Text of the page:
More than 100 people have lost their lives through suicide in prisons in England and Wales so far this year, an all-time record.
Lowestoft Dad's Meningitis Support Plea
A Lowestoft dad is encouraging people across Suffolk and Norfolk to help support Meningitis Week by becoming meningitisWISE after his son suffered from it.
Ben Hodds, 36, wants to raise awareness of the illness and the initial symptoms after his son Ethan was diagnosed with meningitis in 2006.
Ethan was given less than 10% chance of survival after contracting meningitis at the age of just one-years-old.
However he was labeled by James Paget University Hospital as a miracle child after he made a full recovery with no reoccurring symptoms.
Ben, a father of five has since raised thousands of pounds to help support the Meningitis Research Foundation (MRF).
He said: “This is my way of saying thank you for the research they [MRF] have done which allowed doctors at James Paget and Addenbrookes to do the work which has kept me with Ethan.
“I want more people to be aware of meningitis. It’s great that I’m raising money to help others through their MRF’s research.
“I have friends who have lost children to meningitis and they weren’t as fortunate as I have been with Ethan. Somebody was certainly looking over us that day.”
According to MRF, meningitis and septicaemia can be hard to recognise at first.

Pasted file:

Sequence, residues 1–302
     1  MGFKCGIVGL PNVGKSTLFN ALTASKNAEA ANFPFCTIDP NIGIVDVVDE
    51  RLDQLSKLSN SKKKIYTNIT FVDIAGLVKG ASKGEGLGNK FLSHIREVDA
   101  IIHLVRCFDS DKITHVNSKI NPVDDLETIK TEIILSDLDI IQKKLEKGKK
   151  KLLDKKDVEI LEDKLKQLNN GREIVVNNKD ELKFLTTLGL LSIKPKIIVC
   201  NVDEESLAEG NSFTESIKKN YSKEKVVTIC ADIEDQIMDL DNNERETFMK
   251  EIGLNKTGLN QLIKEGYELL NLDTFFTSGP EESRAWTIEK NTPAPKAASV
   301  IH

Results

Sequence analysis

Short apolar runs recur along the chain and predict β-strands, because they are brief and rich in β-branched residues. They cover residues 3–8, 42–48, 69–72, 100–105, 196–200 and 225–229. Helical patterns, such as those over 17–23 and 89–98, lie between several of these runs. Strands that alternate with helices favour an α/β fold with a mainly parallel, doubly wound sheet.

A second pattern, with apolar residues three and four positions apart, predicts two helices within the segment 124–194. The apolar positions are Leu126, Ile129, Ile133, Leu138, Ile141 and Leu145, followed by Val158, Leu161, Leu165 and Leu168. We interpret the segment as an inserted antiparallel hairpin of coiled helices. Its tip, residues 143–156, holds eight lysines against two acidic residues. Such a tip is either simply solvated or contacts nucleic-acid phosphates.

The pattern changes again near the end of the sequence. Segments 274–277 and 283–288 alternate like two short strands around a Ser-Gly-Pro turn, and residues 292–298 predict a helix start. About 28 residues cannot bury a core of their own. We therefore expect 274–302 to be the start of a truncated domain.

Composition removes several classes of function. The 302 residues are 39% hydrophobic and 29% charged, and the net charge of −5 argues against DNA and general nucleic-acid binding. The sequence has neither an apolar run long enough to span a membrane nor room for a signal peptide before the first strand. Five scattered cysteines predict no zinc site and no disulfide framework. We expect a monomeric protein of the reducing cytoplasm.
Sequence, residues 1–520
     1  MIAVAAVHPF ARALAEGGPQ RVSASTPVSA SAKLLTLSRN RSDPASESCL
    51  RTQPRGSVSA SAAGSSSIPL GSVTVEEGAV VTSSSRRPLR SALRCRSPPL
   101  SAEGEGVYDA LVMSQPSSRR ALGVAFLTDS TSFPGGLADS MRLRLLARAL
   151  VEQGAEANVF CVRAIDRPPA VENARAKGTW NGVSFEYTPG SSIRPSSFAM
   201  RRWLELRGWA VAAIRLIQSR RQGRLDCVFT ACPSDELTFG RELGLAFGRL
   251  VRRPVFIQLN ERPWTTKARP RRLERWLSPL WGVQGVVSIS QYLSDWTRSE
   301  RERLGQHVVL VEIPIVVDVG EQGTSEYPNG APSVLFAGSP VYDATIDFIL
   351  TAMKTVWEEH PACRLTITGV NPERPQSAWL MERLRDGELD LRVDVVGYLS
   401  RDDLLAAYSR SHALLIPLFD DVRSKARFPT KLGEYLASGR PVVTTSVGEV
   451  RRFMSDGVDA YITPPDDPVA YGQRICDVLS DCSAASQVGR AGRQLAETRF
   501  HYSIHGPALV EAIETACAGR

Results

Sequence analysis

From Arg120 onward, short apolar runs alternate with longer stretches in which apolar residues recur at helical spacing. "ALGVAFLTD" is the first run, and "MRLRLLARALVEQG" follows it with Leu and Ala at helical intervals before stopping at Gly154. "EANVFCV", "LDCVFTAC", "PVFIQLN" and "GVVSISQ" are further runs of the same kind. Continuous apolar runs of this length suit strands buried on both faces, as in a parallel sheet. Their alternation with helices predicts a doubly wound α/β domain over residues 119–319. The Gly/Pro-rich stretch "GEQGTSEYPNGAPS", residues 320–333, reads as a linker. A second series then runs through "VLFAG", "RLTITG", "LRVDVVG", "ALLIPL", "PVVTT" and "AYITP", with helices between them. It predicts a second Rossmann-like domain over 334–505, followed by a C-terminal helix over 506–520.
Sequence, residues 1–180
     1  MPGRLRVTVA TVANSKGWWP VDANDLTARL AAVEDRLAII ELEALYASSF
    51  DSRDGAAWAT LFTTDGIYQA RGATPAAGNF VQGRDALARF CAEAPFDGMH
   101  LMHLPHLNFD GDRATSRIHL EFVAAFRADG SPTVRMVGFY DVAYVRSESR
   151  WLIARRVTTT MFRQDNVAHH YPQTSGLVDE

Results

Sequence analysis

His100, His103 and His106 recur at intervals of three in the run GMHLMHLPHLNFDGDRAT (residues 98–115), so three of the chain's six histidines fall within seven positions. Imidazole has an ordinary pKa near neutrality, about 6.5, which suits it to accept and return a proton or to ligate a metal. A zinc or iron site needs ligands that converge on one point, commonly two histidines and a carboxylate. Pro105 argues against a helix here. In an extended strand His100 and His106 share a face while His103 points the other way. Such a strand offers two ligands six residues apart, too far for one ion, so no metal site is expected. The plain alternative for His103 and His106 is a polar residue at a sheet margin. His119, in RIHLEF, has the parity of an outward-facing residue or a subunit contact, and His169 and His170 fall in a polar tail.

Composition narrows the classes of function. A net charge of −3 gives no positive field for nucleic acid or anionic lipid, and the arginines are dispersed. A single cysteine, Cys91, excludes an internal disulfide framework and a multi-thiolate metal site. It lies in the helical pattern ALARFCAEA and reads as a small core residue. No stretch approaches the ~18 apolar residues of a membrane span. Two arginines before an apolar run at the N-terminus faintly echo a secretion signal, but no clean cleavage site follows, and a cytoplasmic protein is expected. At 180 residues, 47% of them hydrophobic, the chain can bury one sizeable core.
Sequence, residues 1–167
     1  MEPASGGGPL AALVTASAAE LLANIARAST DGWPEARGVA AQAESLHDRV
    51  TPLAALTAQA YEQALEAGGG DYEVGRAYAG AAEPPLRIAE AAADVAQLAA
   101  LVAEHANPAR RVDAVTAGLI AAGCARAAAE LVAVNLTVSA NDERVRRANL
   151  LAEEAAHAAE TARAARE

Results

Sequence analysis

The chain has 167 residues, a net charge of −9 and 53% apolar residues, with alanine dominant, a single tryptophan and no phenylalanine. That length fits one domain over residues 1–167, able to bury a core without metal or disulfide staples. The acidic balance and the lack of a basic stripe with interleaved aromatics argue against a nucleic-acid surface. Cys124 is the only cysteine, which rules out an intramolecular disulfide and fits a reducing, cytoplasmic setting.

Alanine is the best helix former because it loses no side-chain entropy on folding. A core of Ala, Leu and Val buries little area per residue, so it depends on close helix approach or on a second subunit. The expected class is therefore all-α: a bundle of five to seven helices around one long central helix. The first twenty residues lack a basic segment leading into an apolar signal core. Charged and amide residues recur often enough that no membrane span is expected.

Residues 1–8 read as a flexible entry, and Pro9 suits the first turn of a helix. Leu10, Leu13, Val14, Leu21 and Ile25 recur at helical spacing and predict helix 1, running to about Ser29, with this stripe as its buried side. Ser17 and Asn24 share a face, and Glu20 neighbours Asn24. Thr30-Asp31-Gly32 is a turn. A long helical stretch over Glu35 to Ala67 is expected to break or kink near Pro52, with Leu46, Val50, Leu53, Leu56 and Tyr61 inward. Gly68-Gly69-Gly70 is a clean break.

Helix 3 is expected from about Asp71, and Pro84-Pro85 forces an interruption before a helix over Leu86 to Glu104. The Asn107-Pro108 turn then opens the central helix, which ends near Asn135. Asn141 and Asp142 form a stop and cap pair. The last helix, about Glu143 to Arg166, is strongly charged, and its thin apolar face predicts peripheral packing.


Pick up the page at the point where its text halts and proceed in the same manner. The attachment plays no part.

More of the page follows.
Symptoms can appear in any order, but the first symptoms are usually fever, vomiting, headache and feeling unwell.
Limb pain and cold hands and feet often appear earlier than a rash, neck stiffness, photophobia and confusion. However not everyone gets these symptoms.
There is currently no single vaccine that can prevent meningitis and septicaemia although many babies in the UK are vaccinated against Group C meningococcal meningitis.
As a result the MRF launched a petition last year calling on the UK government to pursue the widest and earliest implementation of vaccines to prevent all types of meningitis and septicaemia.
Christopher Head, Chief Executive of MRF said: “There is currently no vaccine for meningococcal B disease which is responsible for the majority of cases in the UK and Ireland.
“However we must remember that vaccines do not prevent all strains of meningitis and septicaemia yet, so it’s vitally important that people are meningitisWISE and remain aware of the symptoms.”
The MRF estimates that around 3,400 get bacterial meningitis and associated septicaemia in the UK each year – around nine people everyday.
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